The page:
Leaders from Argentina’s main opposition coalition celebrated in San Juan on Sunday night after their candidate triumphed in the gubernatorial election to seize control of the province.
Marcelo Orrego’s victory ends 20 years of Peronist rule in the region and comes after the Supreme Court blocked current Governor’s Sergio Uñac’s re-election bid back in May.
Crucially for the opposition, it breaks the recent trend of incumbent wins in provincial voting just as campaigning for the national presidential primary gets underway.
With 98.89 percent of polling stations reporting on Sunday night, Unidos por San Juan (the opposition Juntos por el Cambio’s coalition’s provincial brand) had taken 49.35 percent of the overall vote, with Orrego the clear winner.
Orrego, 48, is a lawyer, ex-political advisor and former leader of the Producción y Trabajo party, aligned with Juntos por el Cambio in the province.
He comfortably beat rivals Sergio Vallejos – the candidate who initially challenged Uñac's re-election bid in the courts – as well as Marcelo Arancibia (Juntos) and Eduardo Cáceres (San Juan al Futuro).
Voter turnout was approximately 70 percent of the 579,000 citizens registered to vote through the “Democratic Participation System” or SIPAD system. San Juan has reformed its constitution to remove the PASO primaries, with voters going to the polls only once to elect their provincial leader.
San Juan por Todos (the banner under which the ruling coalition is competing) suffered a heavy defeat with Peronism unable to extend its territorial dominance. The alliance took 44.26 percent through its candidates: former governor José Luis Gioja and Senator Rubén Uñac, the current governor's brother who stepped up to run after the Supreme Court’s intervention.
The Frente Desarrollo y Libertad, whose national leader is libertarian deputy and presidential hopeful Javier Milei, trailed way behind in third with only 3.78 percent for its three candidates: Agustín Ramírez, Paola Miers and Yolanda Agüero.
The Frente de Izquierda y de los Trabajadores-Unidad performed even worse, taking just 0.79 percent for its gubernatorial candidate, teacher Cristian Jurado.
The election was originally due to take place on May 14, but it was pushed back after the Supreme Court blocked Governor Uñac’s bid for re-election on constitutional grounds.
Shortly after 9pm, Governor Uñac held a press conference at which he congratulated the opposition and admitted defeat.
"I have come to acknowledge the victory of Juntos por el Cambio in the Province of San Juan. I have shared a communication with Marcelo Orrego, I congratulated him and I am at his disposal for the transition,” said the provincial kingpin.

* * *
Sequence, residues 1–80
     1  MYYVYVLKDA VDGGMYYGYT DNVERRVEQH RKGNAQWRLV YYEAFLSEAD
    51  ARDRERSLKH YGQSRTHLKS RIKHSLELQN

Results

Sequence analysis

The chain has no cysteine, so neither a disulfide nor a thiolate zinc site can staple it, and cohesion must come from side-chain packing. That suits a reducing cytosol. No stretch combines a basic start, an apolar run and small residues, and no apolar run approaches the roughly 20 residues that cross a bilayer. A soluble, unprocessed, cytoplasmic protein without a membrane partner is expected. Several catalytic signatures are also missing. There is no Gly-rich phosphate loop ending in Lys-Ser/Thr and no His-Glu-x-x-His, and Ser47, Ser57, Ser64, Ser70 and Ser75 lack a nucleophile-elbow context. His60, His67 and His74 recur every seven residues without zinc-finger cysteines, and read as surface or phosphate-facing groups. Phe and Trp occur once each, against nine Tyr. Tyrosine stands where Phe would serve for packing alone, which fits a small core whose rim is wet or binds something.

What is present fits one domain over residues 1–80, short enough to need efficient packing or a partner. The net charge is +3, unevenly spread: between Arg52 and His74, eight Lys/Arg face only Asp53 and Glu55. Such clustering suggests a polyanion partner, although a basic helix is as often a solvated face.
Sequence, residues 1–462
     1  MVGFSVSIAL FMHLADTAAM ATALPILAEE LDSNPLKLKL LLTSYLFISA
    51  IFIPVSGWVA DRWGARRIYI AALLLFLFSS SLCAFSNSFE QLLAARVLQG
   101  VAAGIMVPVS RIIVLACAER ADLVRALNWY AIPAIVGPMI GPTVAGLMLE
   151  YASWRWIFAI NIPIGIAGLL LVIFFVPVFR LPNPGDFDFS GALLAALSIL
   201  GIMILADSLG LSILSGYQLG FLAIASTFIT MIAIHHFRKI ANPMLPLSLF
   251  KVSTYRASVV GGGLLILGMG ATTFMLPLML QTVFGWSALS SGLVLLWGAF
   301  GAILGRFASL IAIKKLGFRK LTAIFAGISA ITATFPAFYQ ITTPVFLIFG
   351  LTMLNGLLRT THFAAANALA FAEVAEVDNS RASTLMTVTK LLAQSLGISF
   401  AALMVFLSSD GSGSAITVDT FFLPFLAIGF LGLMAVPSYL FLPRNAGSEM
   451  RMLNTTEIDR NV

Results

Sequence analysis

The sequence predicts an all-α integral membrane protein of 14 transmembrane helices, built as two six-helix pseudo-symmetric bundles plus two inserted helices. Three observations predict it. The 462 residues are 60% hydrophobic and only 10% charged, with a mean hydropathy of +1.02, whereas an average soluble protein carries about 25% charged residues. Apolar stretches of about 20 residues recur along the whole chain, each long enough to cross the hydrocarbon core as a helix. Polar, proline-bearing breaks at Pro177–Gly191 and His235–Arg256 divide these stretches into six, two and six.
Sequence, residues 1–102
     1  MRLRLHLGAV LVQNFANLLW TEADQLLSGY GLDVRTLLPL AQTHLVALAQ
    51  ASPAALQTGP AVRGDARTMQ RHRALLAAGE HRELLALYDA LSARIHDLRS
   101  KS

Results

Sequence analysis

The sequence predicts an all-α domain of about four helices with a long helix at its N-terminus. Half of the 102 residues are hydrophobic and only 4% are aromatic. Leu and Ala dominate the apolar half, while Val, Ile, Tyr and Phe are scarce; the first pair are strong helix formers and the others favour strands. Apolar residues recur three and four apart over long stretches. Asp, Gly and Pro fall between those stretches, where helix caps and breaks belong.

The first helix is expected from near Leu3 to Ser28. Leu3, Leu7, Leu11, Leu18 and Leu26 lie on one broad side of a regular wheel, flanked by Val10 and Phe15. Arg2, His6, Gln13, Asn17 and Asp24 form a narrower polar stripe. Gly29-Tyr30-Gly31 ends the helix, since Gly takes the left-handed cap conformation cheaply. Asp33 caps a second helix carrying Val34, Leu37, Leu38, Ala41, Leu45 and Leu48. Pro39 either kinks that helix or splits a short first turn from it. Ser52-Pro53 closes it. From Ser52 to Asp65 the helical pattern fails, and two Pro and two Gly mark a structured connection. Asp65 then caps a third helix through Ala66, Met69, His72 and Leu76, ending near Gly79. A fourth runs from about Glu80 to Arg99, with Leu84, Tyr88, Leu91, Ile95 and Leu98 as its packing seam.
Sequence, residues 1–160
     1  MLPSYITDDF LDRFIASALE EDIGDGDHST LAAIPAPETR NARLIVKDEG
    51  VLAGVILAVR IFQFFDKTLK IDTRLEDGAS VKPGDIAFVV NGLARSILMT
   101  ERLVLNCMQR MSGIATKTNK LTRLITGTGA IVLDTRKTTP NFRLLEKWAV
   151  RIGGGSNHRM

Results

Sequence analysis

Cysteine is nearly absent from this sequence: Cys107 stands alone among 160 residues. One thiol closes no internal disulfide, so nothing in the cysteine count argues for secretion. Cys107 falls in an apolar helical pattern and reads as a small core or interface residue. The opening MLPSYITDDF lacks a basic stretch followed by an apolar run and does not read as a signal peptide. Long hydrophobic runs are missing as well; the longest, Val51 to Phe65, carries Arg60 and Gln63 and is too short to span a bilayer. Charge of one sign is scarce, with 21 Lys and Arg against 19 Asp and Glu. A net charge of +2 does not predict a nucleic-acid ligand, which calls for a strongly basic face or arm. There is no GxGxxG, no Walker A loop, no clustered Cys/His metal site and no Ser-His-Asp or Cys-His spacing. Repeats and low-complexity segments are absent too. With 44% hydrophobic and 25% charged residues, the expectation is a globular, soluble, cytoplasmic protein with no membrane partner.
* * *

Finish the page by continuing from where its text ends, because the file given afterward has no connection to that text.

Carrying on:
The Peronist leader vowed to leave behind a local government “in order, with clear accounts, in balance." He admitted that the movement would need to “reconsider, restructure and see what are the next paths we should take” in the wake of defeat.
In his own remarks to the press, Orrego thanked Uñac for his words and vowed to “work with everyone, without any distinction of political ideology" for the good of the province.
"I came to politics to build, to work, to fulfil, to do. The fight between politicians does not solve a single problem of the people," he added.
"The changes coming are changes with certainties," said Orrego. "We have not come here to improvise anything.”
President Alberto Fernández was among those to congratulate the governor-elect.
"I greet the governor-elect of San Juan, Marcelo Orrego," said the Peronist leader. "He faces the challenge of working to guarantee the growth and development of the province. I am confident that he will do so.”
A host of Juntos por el Cambio’s national leaders, including Horacio Rodríguez Larreta, Gerardo Morales, Martín Lousteau, José Luis Espert, Maximiliano Ferraro and Miguel Ángel Pichetto, were on-hand to celebrate Orrego’s triumph.
"Huge congratulations to all the people of San Juan who dared to change, to Marcelo Orrego, an example of work, of dedication, a guy who works hard, who knows the problems, who has travelled the province", said Rodríguez Larreta, a frontrunner to win the coalition’s presidential nomination and the mayor of Buenos Aires City.
The PRO leader said he is sure Orrego would “bring about a profound change in San Juan, which is going to be one of the driving-forces of Argentina's recovery.”
The opposition leader described the local coalition which led Orrego to victory as “another example of the importance of joining forces.”
“Working together is how we are going to beat Kirchnerism in Argentina,” he declared.